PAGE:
This programme had the effect of fixing for the army overseas a “manpower ceiling” of approximately 226,000 men.125 This covered all existing establishments, including the base units in England, plus the reinforcements calculated as required for three months’ fighting at the “intense” rate of activity. In addition, an undertaking was made, as already forecast, to send forward 5000 men per month from Canada as replacements for casualties subsequent to 1 September 1943.
The programme was approved by the War Committee on 6 January, the same day on which it was submitted in its final form, subject to review if it was found to conflict with the manpower or financial requirements of the Navy or Air Force. On 11 March, following further discussions with General McNaughton and minor modifications, the Committee approved a figure of 232,100 as the manpower ceiling for the Canadian Army Overseas to 1 September 1943.
* The ceiling was subsequently raised to include the 1st Parachute Battalion and its quota of reinforcements. In August 1944 a final adjustment to cover the 1st Special Service Battalion and some minor units fixed the total at 234,500 all ranks.126
The 2nd Army Tank Brigade arrived in the United Kingdom from Canada in June 1943. A 3rd Army Tank Brigade had been formed overseas on a temporary basis, out of the surplus armoured regiments, in January 1943. As both brigades could not be retained, and the units which had been overseas longest were reported as the most efficient, those from Canada, and the brigade headquarters which had come with them, were in due course disbanded; but since the authorized army tank brigade was designated by order in council as the 2nd, this number was used for the formation which continued to exist and which fought in the North-West Europe campaign.127 In June 1943 the decision was taken to reorganize the Canadian army tank brigades as independent armoured brigades. The reason given was the desirability of being able to “replace” them in the armoured divisions if required128 (presumably, in the event of a return to the older establishment of armoured divisions, on a basis of two armoured brigades, or if temporary operational conditions called for such an arrangement). The brigades, however, remained without an important part of the armoured brigade in an armoured division – the motor battalion of infantry.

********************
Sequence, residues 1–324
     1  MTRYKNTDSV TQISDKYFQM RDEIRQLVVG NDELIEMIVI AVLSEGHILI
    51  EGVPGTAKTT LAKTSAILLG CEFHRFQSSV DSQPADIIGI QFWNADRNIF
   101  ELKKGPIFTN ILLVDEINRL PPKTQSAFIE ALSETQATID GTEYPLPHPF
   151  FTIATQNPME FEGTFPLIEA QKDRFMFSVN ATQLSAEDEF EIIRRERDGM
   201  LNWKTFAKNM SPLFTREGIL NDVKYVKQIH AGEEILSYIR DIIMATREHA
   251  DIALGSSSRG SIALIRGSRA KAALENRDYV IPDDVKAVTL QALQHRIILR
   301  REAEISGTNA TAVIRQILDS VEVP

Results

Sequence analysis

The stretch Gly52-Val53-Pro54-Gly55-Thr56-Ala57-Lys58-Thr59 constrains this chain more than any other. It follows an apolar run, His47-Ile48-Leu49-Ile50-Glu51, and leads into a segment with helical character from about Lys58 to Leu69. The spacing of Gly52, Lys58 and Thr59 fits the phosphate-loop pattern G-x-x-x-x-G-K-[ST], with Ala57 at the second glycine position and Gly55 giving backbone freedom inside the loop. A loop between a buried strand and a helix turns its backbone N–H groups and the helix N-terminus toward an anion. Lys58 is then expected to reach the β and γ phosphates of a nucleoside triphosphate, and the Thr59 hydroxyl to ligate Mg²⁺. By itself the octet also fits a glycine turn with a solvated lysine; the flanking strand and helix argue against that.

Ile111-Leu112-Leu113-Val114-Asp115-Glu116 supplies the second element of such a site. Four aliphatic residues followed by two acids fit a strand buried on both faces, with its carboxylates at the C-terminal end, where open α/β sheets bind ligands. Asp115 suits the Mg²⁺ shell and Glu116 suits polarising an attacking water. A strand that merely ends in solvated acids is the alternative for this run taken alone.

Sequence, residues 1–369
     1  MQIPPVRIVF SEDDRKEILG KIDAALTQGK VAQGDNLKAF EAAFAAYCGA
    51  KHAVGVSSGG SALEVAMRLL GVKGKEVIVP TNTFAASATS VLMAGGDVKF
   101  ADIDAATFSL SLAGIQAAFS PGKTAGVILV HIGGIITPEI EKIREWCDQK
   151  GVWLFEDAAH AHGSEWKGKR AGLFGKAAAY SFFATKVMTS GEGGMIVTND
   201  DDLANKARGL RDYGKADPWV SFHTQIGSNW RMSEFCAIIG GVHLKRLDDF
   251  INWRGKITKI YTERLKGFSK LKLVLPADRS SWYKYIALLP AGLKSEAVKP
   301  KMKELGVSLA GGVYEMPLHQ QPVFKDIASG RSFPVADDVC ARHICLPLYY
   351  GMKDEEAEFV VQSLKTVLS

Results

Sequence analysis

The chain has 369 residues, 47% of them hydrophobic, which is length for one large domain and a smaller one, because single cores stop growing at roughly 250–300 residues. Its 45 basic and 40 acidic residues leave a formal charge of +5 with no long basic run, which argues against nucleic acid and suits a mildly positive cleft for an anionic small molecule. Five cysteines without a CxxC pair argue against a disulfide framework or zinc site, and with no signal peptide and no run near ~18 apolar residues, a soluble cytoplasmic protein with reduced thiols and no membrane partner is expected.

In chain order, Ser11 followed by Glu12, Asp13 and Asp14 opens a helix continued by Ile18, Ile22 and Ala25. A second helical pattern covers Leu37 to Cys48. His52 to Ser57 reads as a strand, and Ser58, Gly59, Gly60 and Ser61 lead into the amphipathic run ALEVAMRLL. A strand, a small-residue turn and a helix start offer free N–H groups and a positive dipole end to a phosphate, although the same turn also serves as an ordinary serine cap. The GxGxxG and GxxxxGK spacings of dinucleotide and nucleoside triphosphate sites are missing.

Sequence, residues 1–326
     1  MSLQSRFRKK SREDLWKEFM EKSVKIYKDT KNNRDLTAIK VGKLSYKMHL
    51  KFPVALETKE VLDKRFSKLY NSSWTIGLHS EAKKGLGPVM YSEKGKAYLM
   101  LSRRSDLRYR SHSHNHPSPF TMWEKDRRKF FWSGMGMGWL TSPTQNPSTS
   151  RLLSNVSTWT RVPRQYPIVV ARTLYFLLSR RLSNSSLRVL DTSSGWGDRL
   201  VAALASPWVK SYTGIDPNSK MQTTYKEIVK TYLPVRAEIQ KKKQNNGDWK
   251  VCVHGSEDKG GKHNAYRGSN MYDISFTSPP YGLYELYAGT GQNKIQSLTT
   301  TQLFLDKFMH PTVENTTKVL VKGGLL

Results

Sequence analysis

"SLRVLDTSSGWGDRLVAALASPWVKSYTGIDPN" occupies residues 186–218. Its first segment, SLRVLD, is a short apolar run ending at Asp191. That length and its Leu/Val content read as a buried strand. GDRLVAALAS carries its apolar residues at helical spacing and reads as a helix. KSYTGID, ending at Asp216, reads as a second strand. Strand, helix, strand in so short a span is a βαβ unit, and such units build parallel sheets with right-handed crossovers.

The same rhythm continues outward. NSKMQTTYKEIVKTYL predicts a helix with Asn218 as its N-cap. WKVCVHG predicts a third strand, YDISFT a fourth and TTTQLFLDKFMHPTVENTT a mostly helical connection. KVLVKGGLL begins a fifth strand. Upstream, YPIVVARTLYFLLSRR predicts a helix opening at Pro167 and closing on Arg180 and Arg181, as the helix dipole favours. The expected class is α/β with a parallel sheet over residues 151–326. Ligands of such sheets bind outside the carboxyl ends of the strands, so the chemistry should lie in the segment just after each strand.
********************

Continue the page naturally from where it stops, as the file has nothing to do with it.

The addition of one special unit to the Canadian Army Overseas may be noted here. On 1 July 1942 the Cabinet War Committee approved the organization of a Canadian Parachute Battalion. Its purpose as explained at this time was primarily one of home defence: to provide means for recapturing aerodromes or reinforcing remote localities. A number of officers and other ranks were returned from overseas during the late summer to join the battalion, which subsequently moved to the United States for four months’ parachute training at Fort Benning, Georgia.129 By the time this was completed, the battalion no longer seemed required in Canada, and on 7 April 1943 the War Committee authorized incorporating it in a new British airborne division being formed in the United Kingdom. It arrived in Britain on 28 July, and shortly moved to Salisbury Plain, where it joined the 6th Airborne Division and became a unit of the 3rd Parachute Brigade.130 A small Canadian element was added to the Division’s headquarters to look after administrative matters for the battalion. The 1st Canadian Parachute Battalion fought with the 6th Airborne Division through the North-West Europe campaign.